Fifteen years ago last month, three leaders, united in their determination for change, stood together on the White House lawn. Along with King Hussein of Jordan and President Clinton, my father, Yitzhak Rabin, prime minister of Israel, signed the Washington Declaration, which brought to an end 46 years of belligerence between Israel and Jordan. The success of their efforts was helped immeasurably by the force of human chemistry between two men who shared a desire to end a lifetime of conflict. The bond of trust between them trickled down to the Israeli public, who also developed a special affection for the Jordanian king.
The drama of the ceremony in Washington thrilled the world. For Israelis it was a time of hope and optimism. But there was a blunt honesty about my father’s words that day. While sending his congratulations to the inhabitants of Israel and of Jordan, he also wished “to remember the fallen in the wars on both sides, and to tell children on both sides of the border: we hope and pray that your life will be different than ours”. This frankness was characteristic of Yitzhak Rabin. He was a pragmatic leader and a realist. For him, the risks taken to make peace were justified by the personal memory of the cost of war.
Much criticism was heard then, and is still heard today, from left and right, about the path my father pursued. The peace with Jordan, while cooler than its founders would have hoped, has held firm. The Oslo peace process with the Palestinians, however, which made the Washington Declaration possible, did not proceed as had been hoped. Because of all that has passed since, those hopeful days can feel like a distant dream. There is no denying that the deterioration of the Oslo framework after my father’s death devastated the peace movement as a political force. Israelis today have low, resigned expectations and little faith in the Palestinians as a partner for peace.
But it would be a mistake to think the Israeli people lost the will or ability to make the difficult decisions necessary to achieve peace.
In fact, the reverse is true. The central tenets of my father’s legacy are irreversible. The Israeli peace movement as represented by mass rallies and left-wing political parties may be a shadow of what it was, but the logic that led my father to pursue a path to a settlement is now more ingrained in the Israeli consensus than ever. In 1994, a small minority of Israelis were in favour of dismantling settlements; today the majority are in favour. The disengagement from Gaza, orchestrated by Ariel Sharon, demonstrated that the insight that drove my father to make an agreement with the PLO had been accepted by many of his former opponents. Sharon had come to understand, as my father had, that the basic values of the State of Israel, a democratic state with a Jewish majority, necessitated a separation from the Palestinians. Then, an even smaller minority of Israelis were in favour of a Palestinian state. Today, even Binyamin Netanyahu, for years a fierce opponent, acknowledges the need for a two-state solution.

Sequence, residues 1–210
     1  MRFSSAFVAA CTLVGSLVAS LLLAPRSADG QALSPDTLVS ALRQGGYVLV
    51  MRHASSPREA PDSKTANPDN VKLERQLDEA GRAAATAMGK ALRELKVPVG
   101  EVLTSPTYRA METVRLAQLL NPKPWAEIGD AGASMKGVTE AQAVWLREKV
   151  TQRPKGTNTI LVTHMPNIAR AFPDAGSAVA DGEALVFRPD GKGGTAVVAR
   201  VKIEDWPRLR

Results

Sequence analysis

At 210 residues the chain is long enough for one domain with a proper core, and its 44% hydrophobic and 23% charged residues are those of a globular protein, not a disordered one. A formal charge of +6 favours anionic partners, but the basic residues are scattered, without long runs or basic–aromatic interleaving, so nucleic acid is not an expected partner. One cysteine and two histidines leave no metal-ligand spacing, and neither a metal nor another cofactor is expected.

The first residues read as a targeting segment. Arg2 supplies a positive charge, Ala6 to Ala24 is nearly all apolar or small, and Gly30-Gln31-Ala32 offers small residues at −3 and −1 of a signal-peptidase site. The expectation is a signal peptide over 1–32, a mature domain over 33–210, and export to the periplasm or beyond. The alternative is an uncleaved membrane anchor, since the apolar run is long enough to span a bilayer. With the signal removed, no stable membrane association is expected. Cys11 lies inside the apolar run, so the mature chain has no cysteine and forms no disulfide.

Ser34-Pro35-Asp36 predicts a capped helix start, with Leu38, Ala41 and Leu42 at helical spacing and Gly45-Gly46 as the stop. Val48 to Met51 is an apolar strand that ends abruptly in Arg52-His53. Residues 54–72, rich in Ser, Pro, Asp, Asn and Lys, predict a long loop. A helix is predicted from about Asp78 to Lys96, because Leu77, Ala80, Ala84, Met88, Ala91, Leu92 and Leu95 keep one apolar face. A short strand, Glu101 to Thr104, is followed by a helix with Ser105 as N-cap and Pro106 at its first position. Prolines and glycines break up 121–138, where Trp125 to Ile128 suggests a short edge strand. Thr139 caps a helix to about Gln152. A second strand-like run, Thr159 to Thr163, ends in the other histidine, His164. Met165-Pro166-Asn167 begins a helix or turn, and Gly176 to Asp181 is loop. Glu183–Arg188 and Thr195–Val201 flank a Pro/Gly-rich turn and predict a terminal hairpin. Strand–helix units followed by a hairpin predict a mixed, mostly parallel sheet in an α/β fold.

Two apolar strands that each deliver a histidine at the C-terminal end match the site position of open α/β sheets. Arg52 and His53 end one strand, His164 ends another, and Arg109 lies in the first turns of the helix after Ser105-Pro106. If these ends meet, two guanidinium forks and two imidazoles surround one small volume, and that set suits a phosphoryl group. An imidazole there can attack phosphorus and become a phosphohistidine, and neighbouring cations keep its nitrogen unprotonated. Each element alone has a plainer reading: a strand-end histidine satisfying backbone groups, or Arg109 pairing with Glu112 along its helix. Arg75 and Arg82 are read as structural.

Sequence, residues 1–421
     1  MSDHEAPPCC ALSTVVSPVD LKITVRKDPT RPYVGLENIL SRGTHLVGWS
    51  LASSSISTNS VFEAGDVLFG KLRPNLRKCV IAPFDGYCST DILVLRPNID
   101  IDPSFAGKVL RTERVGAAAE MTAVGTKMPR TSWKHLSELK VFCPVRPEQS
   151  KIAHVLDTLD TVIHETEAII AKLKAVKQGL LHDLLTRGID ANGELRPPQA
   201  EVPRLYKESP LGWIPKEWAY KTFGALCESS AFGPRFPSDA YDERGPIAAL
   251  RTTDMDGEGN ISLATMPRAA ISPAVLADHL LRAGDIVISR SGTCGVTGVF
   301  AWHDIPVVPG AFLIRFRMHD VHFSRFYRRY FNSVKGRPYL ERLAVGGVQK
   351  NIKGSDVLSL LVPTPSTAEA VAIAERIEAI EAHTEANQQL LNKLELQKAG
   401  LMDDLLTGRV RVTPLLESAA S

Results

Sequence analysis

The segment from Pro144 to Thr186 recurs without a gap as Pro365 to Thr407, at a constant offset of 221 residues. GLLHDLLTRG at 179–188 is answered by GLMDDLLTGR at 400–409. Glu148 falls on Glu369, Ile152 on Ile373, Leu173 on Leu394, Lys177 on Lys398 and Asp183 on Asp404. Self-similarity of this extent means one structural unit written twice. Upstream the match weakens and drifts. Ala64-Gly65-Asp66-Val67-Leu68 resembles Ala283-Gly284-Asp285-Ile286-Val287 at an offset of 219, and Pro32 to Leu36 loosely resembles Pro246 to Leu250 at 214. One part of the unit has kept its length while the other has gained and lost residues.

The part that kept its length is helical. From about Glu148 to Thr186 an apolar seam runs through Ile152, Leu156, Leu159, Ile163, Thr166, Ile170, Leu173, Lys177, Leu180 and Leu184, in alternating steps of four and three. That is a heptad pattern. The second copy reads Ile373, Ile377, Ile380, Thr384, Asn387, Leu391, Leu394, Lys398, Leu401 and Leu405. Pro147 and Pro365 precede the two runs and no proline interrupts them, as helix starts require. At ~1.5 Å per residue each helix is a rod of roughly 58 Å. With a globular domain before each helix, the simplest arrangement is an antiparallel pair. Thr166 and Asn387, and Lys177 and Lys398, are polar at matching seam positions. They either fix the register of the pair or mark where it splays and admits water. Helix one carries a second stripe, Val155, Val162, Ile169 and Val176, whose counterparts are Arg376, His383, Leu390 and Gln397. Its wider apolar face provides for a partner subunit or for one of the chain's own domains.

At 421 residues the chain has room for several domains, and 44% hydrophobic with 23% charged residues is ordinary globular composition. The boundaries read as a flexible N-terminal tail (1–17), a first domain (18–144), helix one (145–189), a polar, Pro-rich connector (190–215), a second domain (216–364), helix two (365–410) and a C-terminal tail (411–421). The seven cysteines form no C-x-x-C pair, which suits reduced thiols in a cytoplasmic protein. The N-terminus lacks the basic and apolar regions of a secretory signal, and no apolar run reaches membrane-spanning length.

What lessons can we draw from the events of 15 years ago to help to transform Israeli public acceptance of a two-state solution into a realistic peace process? How can we use the memory of those better times? First, we have to remember the importance of leadership. It was not easy
for my father to embark on the peace process, but when he saw it was the only choice, he confronted it. Second, Israel cannot make peace alone. What made the agreement with Jordan a success was a partner who recognised that it was in his country’s interests. He was willing to reverse years of public opposition and stand shoulder to shoulder with an Israeli leader.
King Hussein’s actions were made possible by the Oslo Accords between Israel and the Palestinians, but they also reinforced that process and helped to legitimise it. Today we need other Arab leaders to show similar courage and take constructive steps towards normalisation of relations with Israel. The Israeli people need to see that the Arab world is ready to embrace them – as King Hussein did – should progress with the Palestinians be forthcoming.
The Washington Declaration put great emphasis on the belief that “steps must be taken both to overcome psychological barriers and to break with the legacy of war”. Yitzhak Rabin knew that Israel had to build a new reality based not only on trust between leaders, but on trust between peoples. We need to renew that approach, whether through interfaith dialogue, cultural exchange, business partnership, academic partnership or joint infrastructure projects. The vision of the Jordan valley as a valley of peace, with joint Israeli-Palestinian-Jordanian development projects, continues to be promoted by Israel’s president, Shimon Peres, who was my father’s political partner at the time of the Washington Declaration.
Fifteen years ago is not ancient history. The symbolism of that day should inspire us. We live in a world of constant change that presents fresh opportunities for those who have the courage to take them. With a new US president determined to promote the peace process, and a shared interest between Israel and the Arab world in containing the threat of radicalism, there may be such an opportunity today. It is time for politicians to show the leadership and courage of Yitzhak Rabin and King Hussein.
Dalia Rabin-Pelosoff is the daughter of the assassinated Israeli prime minister Yitzhak Rabin. From 1999-2003, she was a member of the Knesset. She now runs the Rabin Centre, an organisation dedicated to ensuring that the legacy of Yitzhak Rabin continues to shape Israeli youth and the people of Israel in general